My Altair crys
The Altair in by basement is weeping.
Ed Roberts, the pioneering computer engineer and early mentor to Bill Gates and Paul Allen, died Thursday at age 68. Roberts will perhaps be best remembered for the Altair 8800, developed and marketed in both kit and assembled forms by his company, Micro Instrumentation and Telemetry Systems, better known by its acronym, MITS. …
The Altair in by basement is weeping.
To Ed Roberts,
For those about to code,
We salute you.
Rest in peace,
The Modern Personal Computer Industry.
He's known as Bill because that's less cumbersome than "William Henry Gates the third" and is better than "Trey", which is what he was called as a child. His full name has been common knowledge among long-term tech people for a long time. It's you newbies who are unaware.
I have a S-100 bus system (not a Altair or Imsai, unfortunantly; they're worth thousands these days) in the closet to my left, along with a Z-80 system, a couple of 6502-based computers in the back room, and bigger iron in the garage (Digital VAX-6200s).
I have still not seen anywhere a serious look at how William Gates II and the family law firm benefited the young Bill 3rd in every legal issue from ownership of proprietary code on the MITS Altair on through to IBM and the MS-DOS license. Is there a book I've missed covering this?
RIP, Godspeed. Here's a beer, mate!
Indeed, I've often wondered how one could write a Basic inperpreter for MITS then weeks later the same code appears shrinkwrapped as the first MS product. Whose IP was it ? Is the whole MS edifice based on software theft ?? Oh the irony ...
Why wasn't MS Basic simply hacked over a Weekend From Dartmouth Basic.?
I wrote my first program on one. I still have the Popular Electronics magazine that the article about the computer along with all you needed to know to build your own. I also remember another article about the fact that the Smithsonian has a reward for the machine displayed in the article, the first one, because it was lost in the return shipment from the Popular Electronics photo shoot.
So things getting lost in shipment happen in the USA too? You folks should checkout the UK's Royal Mail.
You address something with the full and correct postal address and yet somehow it still goes missing. Trust the Royal Mail? Full of thieves in my opinion.
In 1974 I opened a law office and used a programmable calculator to do the accounting, word processing, tax analysis and just about anything else needed. All of the software had been written in the years before on the same machine. It offered a letter quality printer and a 250 lpm thermal printer. Yep, the wrote all of the code.
Back in those days shrink wrap was not a word nor a concept. Everything was custom written. And the word processor had a spell checker and global search and replace.
The HP machine came out in 1972 and by 1973 or so sported a hard disc drive as well. That machine (9830A, see HPMuseum.org for photos and details) came out far ahead of the toy microprocessors mention in this article. And it was from HP which meant full in office support was also available.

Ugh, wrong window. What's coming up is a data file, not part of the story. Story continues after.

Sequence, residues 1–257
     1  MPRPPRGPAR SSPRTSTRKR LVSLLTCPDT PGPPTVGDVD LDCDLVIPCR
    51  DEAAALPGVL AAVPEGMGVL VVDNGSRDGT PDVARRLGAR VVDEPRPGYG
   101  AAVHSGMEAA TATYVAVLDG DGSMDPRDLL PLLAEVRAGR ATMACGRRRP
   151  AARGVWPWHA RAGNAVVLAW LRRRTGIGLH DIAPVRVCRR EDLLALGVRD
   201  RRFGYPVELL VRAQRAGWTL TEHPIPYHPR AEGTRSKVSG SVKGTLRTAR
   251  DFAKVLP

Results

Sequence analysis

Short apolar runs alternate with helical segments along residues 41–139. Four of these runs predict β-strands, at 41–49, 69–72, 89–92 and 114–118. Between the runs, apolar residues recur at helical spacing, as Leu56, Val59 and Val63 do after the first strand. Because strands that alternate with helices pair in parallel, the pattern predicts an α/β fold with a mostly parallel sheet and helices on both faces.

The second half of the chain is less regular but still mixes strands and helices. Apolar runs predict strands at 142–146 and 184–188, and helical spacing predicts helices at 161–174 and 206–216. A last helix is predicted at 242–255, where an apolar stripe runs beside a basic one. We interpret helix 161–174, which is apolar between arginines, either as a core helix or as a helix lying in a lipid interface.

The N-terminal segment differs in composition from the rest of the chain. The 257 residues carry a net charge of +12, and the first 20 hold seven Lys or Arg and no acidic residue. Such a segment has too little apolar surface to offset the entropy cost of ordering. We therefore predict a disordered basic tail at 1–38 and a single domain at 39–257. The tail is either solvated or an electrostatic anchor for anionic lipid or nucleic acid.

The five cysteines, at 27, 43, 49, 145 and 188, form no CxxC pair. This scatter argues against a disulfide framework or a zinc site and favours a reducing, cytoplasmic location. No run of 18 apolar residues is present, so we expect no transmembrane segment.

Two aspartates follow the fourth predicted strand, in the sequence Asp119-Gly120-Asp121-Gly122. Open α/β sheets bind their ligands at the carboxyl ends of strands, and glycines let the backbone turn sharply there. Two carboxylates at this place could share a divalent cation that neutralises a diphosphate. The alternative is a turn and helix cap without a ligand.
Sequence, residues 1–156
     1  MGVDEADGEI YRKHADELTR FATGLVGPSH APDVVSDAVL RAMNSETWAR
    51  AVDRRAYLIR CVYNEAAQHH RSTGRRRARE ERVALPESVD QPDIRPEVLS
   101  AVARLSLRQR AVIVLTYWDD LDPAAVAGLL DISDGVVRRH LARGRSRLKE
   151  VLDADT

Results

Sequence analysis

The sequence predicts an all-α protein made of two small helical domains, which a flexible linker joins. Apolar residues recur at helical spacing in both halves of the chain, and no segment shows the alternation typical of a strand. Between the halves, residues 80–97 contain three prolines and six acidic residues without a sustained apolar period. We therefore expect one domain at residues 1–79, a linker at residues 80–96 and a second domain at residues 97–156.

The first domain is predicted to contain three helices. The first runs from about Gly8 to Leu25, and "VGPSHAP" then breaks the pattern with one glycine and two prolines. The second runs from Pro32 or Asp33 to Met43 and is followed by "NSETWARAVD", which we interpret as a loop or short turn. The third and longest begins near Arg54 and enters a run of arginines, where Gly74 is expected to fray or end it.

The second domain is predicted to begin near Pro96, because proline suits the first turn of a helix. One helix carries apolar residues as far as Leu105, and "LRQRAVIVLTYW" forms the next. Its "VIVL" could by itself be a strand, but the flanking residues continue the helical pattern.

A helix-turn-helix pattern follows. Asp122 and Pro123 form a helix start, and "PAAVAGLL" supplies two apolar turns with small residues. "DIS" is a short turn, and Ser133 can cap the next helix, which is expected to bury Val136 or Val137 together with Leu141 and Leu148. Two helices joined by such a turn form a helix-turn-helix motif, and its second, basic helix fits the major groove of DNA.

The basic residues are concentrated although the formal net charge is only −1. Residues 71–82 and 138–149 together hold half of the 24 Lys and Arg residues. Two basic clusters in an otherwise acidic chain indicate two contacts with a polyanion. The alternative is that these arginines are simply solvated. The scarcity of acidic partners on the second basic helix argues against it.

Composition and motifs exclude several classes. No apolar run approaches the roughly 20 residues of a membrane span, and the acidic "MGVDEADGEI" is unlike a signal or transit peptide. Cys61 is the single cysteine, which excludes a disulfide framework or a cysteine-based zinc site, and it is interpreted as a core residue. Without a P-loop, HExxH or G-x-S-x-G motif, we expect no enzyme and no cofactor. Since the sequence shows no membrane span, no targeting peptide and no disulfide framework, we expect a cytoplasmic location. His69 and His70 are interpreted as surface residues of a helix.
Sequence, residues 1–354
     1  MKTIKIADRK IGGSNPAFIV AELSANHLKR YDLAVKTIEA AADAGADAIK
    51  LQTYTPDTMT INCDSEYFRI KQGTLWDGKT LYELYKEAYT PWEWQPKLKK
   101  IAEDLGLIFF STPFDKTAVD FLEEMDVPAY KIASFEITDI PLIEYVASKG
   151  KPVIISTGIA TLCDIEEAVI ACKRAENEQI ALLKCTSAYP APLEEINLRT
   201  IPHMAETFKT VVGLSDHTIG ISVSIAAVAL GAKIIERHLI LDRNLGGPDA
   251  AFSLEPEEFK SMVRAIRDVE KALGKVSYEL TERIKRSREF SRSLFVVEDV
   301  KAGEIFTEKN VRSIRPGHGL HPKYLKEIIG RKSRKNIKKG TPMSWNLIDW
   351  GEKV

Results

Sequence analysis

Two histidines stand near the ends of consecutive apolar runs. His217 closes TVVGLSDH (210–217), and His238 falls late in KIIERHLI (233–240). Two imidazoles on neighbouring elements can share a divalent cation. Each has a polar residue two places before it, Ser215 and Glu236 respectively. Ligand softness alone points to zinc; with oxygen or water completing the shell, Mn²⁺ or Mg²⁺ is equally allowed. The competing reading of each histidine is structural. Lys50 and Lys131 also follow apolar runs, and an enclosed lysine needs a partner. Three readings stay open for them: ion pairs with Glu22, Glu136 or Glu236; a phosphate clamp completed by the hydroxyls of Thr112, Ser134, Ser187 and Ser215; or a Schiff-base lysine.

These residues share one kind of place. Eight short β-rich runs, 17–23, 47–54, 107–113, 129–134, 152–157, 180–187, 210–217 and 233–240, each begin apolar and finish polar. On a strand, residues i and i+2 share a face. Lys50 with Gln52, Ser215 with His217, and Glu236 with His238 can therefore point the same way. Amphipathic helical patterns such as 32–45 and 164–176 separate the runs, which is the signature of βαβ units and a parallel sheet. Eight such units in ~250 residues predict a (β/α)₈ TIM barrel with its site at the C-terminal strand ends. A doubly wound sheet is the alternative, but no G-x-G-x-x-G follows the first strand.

By the time the MITS came out, the HP machine was being coded to run the experiments on the first Mars landers. The HP unit was actually bought off the shelf after the craft took off for Mars but was programmed to replace a switch panel before it had arrived. Top quality hardware not the toys of the day like the MITS units.
No offense to MITS but for office use and employee training etc., you need a quality machine from a real technology company such as HP and in office support from the vendor. HP provided that. Check out the HP machine at http://www.hpmuseum.org/hp9830.htm. I bought my unit in 1972.
Wang was the other technology company that produced quality programmable machines quite suitable for the office in 1972.
The MITS might have been a microprocessor unit but was hardly usable in any business environment. The HP unit certainly was.
Oh come on the only reason HP hasn't gone the way of its close cousin DEC is because it is the worlds highest tech ink dealer. I am not saying HP hasn't been revolutionary at times I am just saying you could give props to other equally if not more important business focused companies at the time such as DEC and IBM as well.
The MITS and other systems of its time came out primarily as HOBBIEST computers... a computer the average Joe who was interested in such things could actually afford and be able to tinker around with it. No offense to your "real" HP computer, but many people started out in computing with these so called "toys". I got my start years later on an Atari 8-bit computer, which you would still probably consider a toy, but it lead me to learning a number of programming languages, going to college to try for an engineering degree and ultimately endning up with a career in the IT sector. So who cares if the MITS wasn't "usable" in a business environment? That's not what it was developed for...
"Roberts developed the first MITS products in the late 19602: telemetry transmitters and tracking lights for model rockets."
Huh? Are we that far in the future yet? I could have sworn that it was just 19600 the other day... ;-)
I guess someone roughed out a timeline for this story in Excel.
Just as an addendum, Bill Gates came to visit Dr. Roberts just before he passed on. Also, the comments of the people of Cochran and from other places around the world on the guestbook are a wonderful tribute to this man.
His obit can be found here: http://www.legacy.com/obituaries/macon/obituary.aspx?n=henry-edward-roberts&pid=141375672